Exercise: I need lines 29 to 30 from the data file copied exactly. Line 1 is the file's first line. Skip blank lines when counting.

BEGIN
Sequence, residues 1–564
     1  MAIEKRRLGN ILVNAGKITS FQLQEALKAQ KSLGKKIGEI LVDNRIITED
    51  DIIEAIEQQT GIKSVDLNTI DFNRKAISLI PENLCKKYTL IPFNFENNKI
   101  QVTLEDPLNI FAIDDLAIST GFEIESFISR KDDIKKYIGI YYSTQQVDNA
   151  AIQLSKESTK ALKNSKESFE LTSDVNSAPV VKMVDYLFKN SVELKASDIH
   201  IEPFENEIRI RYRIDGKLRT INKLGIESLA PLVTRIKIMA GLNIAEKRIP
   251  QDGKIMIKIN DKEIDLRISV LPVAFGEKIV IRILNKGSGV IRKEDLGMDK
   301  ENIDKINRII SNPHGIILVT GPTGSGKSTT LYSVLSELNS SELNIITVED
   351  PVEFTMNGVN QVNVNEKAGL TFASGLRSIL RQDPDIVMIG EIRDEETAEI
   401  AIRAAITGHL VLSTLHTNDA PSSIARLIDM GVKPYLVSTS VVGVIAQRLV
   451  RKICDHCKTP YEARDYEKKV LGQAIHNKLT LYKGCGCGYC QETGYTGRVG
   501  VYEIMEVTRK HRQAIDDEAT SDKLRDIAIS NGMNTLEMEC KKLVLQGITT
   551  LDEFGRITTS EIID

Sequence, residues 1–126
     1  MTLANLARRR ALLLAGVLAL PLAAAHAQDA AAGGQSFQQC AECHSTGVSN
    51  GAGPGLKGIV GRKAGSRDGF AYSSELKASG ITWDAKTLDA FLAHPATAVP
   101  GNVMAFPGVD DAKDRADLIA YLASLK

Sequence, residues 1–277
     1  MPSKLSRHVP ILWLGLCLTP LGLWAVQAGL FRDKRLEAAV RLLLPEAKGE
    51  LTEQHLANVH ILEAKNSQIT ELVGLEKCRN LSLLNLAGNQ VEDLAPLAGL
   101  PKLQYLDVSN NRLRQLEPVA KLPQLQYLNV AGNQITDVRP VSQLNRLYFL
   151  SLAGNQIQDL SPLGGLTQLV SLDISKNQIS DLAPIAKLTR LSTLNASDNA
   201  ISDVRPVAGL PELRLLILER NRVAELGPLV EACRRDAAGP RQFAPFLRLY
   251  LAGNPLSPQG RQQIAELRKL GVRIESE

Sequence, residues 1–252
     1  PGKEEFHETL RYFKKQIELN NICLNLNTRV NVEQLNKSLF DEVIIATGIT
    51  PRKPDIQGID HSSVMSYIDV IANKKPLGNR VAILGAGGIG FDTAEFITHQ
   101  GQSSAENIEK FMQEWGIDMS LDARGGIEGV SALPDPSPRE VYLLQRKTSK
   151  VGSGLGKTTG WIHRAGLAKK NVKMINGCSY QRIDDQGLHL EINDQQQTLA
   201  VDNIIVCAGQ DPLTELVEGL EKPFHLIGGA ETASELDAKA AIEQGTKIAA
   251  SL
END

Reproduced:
   151  VGSGLGKTTG WIHRAGLAKK NVKMINGCSY QRIDDQGLHL EINDQQQTLA
   201  VDNIIVCAGQ DPLTELVEGL EKPFHLIGGA ETASELDAKA AIEQGTKIAA